The agreement was Australia’s first example of an explicit partnership between a conservation agency and a mining company to manage an area, so that its biodiversity could be safeguarded. The standard of care adopted was that of the International Union for the Conservation of Nature’s description of land that is, in essence, a national park, to be managed mainly for ecosystem conservation and recreation. In launching the plan on 9 December 2002, at a ceremony in the Heath beside Forest Road, Sherryl Garbutt, Minister for Environment and Conservation, described the Anglesea Heath as a “hidden jewel”.

Coal mining and power generation continued until Alcoa announced that it would close the power station and the associated coal mine in August 2015. The mining area, which covers part of the area known to be of national conservation significance, has been progressively rehabilitated by Alcoa since the 1970s. The mined out areas have been back-filled using large excavators and dump trucks. The overburden removed from the top of the coal reserves was used to back-fill the hole created by mining.

Once the return of the overburden was complete, a minimum of one metre of clay/gravel that is found naturally below the topsoil and subsoil is replaced, as are the subsoil and topsoil. Then the landscape was ripped on contour with a large tractor to prevent water run-off and erosion. Carefully preserved mulch gathered in the land clearing process was laid down and allowed to regenerate naturally. The mine rehabilitation areas were surveyed annually to monitor their progress and determine whether any hand planting would be required. It is anticipated that this process will continue and result in the restoration of a self-sustaining eco-system, and that the final void will become a lake. This unique partnership of the mining company, government agencies and the community has preserved this “hidden jewel”.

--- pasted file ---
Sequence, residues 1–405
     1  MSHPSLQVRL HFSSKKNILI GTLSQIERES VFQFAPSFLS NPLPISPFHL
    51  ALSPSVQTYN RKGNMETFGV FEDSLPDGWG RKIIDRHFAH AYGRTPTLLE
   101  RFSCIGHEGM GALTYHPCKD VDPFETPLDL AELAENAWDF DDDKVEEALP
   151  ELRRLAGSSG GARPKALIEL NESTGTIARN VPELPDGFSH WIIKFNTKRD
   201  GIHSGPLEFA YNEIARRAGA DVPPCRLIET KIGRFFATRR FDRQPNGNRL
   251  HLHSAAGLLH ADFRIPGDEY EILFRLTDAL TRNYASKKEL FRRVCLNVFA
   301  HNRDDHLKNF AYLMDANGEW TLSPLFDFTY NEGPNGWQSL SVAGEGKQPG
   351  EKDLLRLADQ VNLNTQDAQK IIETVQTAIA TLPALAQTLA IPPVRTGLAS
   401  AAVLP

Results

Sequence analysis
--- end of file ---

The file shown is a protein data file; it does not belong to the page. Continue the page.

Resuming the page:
Although the Anglesea Heath was not incorporated into the Great Otway National Park when it was declared in 2004, Angair is hopeful that this situation will be resolved soon. In July 2015, the Minister for Environment, Water and Climate Change, Lisa Neville, said “We have committed to the inclusion of the Anglesea Heath in the Great Otway National Park, and are working with Alcoa to make that happen as soon as possible, for the benefit of the local community.”

Helen Tutt